The photo was one of hundreds of items brought to a First World War roadshow organised by the National Library in conjunction with the Hunt Museum. Retired train driver Tony O’Brien, from Daly Avenue, Janesboro, had the picture with other items, which belonged to his late father Thomas Patrick O’Brien, who fought with the Munster Fusiliers.
Mr O’Brien, aged 77, said: “My father was captured on August 28, 1914, and spent the rest of the war at Limburg prisoner-of-war camp near Frankfurt. Among the items he brought back with him was a photograph taken in the camp and it shows a bearded man dressed in a white suit meeting with the prisoners. Cameras started to become popular and the Germans encouraged the prisoners to send home photos to show how well they were being treated.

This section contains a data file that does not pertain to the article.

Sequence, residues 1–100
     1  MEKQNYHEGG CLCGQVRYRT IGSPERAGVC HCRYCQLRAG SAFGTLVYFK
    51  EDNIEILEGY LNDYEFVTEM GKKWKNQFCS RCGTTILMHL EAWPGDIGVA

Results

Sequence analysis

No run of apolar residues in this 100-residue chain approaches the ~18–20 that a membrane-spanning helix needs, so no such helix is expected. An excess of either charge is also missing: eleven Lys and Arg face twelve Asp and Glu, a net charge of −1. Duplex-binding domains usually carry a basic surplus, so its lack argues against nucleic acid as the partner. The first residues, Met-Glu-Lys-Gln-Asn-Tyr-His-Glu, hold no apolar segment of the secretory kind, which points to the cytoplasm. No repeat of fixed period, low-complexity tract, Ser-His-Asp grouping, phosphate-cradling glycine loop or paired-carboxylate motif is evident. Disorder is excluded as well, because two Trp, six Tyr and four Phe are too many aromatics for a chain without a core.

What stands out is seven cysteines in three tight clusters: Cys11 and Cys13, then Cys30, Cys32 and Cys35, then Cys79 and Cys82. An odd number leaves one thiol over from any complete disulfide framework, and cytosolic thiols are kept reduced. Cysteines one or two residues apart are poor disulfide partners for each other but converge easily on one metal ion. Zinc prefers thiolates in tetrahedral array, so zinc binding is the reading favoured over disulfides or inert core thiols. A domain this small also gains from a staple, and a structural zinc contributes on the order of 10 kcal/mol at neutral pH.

My father had this photo with him when he came back home after the war.”
Katherine McSharry, of the National Library, said it was well documented that Casement travelled around prisoner-of-war camps in Germany during the First World War, encouraging Irish soldiers to desert and join the Irish volunteers.
She said: “We may have found something quite amazing. This may be the only picture taken of Casement during a visit to one of the camps. He is tall, has a beard and is wearing a white suit. It seems very like it is him. We will now do some identification work with the photograph, which Mr O’Brien brought here today. I hope it turns out what we believe it to be. It would be very exciting.”
Mr O’Brien said he would donate the photo for display with other memorabilia from the Munster Fusiliers, which he would like to see in Limerick.